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Why I Will Never Be a Starving Artist

Read this article on HowlRound.


I graduated from college with a playwriting degree, and one year later, I hadn’t written a single new play. I was ready to call myself a failure as a playwright. Get up, move on. My inspiration had dried up, my motivation was gone and I couldn’t have come up with a decent idea for a new piece if you paid me. And I certainly needed the money.


It’s not as though I was lacking in experiences to be inspired by. My first job out of college was as an intern for an online entertainment magazine in Brooklyn, a position which, among many other things, allowed me to write theatre reviews. They didn’t pay me for it. It was the only unpaid position I applied for in those last few months of college, the only internship so valuable I was willing to work without pay. Because I was a new college graduate in the midst of a recession with a Theatre degree and middling-at-best connections in the theatre world, they were the only ones who offered me a job. Go figure.


In my year at the magazine, I got to expose myself to all the New York theatre scene had to offer, from ten-seat tiny white box productions to Broadway shows with celebrity leads. Everywhere I went, I was surrounded by inspiring works of theatre. And yet, struggling to make ends meet between several part-time gigs, I couldn’t bring myself to be inspired.


After the tech company that ran the magazine went under, I got a job doing marketing for an Off-Broadway theatre. I thought, “Finally, I get to be in the room with people who make theatre happen, seeing it all come together. Surely this will be inspiring.” But not only was it a part-time job where the pay was atrocious, my boss was also constantly trying to nickel-and-dime me out of every cent she could while working me to the bone. Frustrated by the lack of respect and of opportunity, I left theatre.


Fast forward a few months later to me working a corporate marketing job and an approved application to move into a much nicer apartment at the end of the month. Sitting on the subway anticipating my usual irksome trek back to Brooklyn, the words came to me. A few turns of phrase, a monologue, a witty snatch of dialogue—by the time I was home, I had written the first scene of my new play on the Notes app on my phone.

I fiercely admire driven artists who are inspired to generate work on an empty stomach, not knowing if they’ll be able to make next month’s rent. But we do ourselves a disservice when we imagine that the “starving artist” is the only model for young theatremakers getting their start in the big city or elsewhere.

Adrian Polglase, Olivia Lantz, Miranda Burns, Elsa Grace, and Hannah Maxwell (left to right) as struggling millennials in Shooting in the Dark by Natalie Sacks. Photo by Natalie Sacks.


Six months after that fateful evening, I had my first staged reading of the play that became my New York City playwriting debut in a 24-hour play festival, which I never would have thought I’d be accepted to. Shored up with the stability of a well-paying job, a non-decaying apartment, and a supportive network of friends in the city, I can write again. And the future looks bright.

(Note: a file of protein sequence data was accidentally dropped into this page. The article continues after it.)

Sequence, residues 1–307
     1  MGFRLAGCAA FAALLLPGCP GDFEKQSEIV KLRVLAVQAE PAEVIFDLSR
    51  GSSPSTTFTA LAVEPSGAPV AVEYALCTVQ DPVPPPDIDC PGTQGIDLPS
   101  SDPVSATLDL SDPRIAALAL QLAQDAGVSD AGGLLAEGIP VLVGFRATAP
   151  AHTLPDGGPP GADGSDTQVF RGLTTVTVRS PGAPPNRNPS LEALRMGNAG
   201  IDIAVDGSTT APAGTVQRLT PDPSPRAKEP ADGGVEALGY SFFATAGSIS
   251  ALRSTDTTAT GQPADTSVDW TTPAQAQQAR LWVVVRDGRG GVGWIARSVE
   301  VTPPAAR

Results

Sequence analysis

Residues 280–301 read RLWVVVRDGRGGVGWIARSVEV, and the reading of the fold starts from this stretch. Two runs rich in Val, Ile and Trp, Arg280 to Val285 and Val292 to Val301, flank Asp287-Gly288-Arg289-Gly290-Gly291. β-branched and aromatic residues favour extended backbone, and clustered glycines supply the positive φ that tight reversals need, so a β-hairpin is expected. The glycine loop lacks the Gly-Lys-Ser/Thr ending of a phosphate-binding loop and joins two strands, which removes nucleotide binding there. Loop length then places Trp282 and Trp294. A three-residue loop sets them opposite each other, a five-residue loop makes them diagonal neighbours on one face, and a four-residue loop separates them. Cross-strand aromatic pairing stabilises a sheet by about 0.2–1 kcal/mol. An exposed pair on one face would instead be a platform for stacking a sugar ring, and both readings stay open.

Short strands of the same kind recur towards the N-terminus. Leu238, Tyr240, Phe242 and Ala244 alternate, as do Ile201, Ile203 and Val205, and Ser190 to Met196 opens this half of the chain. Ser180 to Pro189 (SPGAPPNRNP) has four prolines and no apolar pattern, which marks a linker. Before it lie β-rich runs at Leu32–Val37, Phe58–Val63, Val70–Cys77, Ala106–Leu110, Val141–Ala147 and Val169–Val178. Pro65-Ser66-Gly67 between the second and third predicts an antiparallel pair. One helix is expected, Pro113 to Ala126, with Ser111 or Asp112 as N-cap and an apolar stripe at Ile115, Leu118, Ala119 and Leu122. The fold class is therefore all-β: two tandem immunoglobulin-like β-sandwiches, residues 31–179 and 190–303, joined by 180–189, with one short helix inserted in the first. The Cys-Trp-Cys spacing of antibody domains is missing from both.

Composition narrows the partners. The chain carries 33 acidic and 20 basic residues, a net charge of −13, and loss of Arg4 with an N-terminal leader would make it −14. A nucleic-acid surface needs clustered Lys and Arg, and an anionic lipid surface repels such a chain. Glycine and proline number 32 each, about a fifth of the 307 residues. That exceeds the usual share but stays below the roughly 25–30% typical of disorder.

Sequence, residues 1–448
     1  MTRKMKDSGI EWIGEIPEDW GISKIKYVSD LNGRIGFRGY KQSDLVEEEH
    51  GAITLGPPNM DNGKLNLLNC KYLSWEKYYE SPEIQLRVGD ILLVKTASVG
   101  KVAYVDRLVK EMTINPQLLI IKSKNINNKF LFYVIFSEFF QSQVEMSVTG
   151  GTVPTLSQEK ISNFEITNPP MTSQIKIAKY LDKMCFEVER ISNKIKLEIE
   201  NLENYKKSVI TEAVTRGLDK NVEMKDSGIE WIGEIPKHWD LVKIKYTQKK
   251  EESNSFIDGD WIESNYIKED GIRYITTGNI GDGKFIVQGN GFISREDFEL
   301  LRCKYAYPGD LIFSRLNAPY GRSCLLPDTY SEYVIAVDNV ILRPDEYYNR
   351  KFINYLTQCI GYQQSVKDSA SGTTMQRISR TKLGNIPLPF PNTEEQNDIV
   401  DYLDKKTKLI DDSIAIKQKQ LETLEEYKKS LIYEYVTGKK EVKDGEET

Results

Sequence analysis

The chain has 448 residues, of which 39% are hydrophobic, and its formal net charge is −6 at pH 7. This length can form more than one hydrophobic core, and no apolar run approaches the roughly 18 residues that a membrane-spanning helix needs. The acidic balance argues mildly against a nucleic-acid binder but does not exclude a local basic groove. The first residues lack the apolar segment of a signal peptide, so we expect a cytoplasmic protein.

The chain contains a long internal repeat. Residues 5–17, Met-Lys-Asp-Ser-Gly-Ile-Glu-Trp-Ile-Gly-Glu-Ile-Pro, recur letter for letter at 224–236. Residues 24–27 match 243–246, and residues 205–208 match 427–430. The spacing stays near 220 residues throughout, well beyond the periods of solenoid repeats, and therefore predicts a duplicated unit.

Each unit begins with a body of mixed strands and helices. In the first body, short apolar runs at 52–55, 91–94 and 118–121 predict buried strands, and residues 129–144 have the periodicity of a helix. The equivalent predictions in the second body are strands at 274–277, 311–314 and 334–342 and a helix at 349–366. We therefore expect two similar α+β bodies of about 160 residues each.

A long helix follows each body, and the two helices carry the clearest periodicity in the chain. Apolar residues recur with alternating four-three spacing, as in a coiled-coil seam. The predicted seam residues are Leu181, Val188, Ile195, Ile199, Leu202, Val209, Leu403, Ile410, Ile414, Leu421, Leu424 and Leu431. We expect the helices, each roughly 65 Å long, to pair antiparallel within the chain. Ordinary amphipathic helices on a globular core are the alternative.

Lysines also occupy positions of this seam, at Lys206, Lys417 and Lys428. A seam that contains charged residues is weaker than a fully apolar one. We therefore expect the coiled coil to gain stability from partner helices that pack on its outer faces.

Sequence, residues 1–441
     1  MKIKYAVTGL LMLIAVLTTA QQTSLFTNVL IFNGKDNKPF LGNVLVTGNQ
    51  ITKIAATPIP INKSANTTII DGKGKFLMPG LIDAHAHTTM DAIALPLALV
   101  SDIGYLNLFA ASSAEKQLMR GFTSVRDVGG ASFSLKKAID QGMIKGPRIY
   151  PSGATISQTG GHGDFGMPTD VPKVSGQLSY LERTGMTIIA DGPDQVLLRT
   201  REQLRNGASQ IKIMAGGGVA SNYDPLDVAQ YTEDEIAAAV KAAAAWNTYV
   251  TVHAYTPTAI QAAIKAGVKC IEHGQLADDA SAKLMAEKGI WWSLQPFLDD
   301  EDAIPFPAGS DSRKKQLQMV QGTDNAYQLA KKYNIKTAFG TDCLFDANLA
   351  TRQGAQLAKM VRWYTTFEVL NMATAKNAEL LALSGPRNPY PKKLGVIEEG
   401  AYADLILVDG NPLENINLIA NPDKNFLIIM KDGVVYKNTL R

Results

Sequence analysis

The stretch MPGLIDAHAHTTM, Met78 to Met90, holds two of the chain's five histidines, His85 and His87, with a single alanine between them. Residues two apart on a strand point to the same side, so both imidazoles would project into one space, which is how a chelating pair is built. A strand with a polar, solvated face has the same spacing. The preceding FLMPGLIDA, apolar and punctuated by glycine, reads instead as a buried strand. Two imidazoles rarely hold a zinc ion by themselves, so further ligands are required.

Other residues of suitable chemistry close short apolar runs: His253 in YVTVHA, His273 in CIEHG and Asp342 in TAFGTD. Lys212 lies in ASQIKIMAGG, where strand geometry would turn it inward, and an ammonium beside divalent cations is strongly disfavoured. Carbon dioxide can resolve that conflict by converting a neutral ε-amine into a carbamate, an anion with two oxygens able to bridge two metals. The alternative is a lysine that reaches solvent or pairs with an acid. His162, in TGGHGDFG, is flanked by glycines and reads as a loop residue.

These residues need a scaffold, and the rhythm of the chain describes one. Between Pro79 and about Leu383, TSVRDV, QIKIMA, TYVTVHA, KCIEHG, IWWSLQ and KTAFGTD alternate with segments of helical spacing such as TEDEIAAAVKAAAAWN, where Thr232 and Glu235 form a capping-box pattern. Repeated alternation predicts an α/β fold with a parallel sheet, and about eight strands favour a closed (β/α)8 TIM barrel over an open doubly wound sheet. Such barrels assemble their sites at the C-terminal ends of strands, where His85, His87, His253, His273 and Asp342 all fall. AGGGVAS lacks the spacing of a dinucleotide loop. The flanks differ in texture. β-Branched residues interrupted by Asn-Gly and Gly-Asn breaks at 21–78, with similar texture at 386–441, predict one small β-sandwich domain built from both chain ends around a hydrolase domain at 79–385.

We’ve all read one of those articles that debates what’s better for artists: a job tangentially related to the art you want to make, while struggling to find time and energy to do what you really love, or a completely unrelated day job that allows you the freedom to care about your art completely in your free time. And I certainly don’t want to say anything bad about all those arts administrators out there, but I certainly know where I stand in that debate now.


I fiercely admire driven artists who are inspired to generate work on an empty stomach, not knowing if they’ll be able to make next month’s rent. But we do ourselves a disservice when we imagine that the “starving artist” is the only model for young theatremakers getting their start in the big city or elsewhere.


We know that playwriting is almost never a lucrative occupation on its own, and thousands of talented writers all over this country are quietly eking out their existence as public school teachers, lawyers, bartenders and more. And those of us who get our writing in after our nine-to-five jobs are no less dedicated or significant than the guitar virtuoso in his crumbling Brooklyn loft.


So can we stop talking about starving artists, as though commitment to the craft can only be proven through stockpiles of ramen and cheap vodka? How about we celebrate the young woman who tr

udges out to class three times a week after a full day of work in the office to earn her MFA? Or the high school teacher whose opening night is completely sold out because all of his students came out to support him when he debuts his first full-length play? And what about all of the writers out there who are also parents?


The romance of writing isn’t negated if you’re not constantly inspired, despite all the odds. You are no less of a person if you don’t want to starve for your art, and how you choose to make it all work is no one’s business but your own. Be proud of the writing you do, and if it isn’t happening as quickly as you would like because of your other commitments, that just means you have more time to reflect on your work as you create it.


I have never felt so much like a playwright as I have since I got a full-time job outside the arts. And I never would have had the inspiration to write this blog article without it.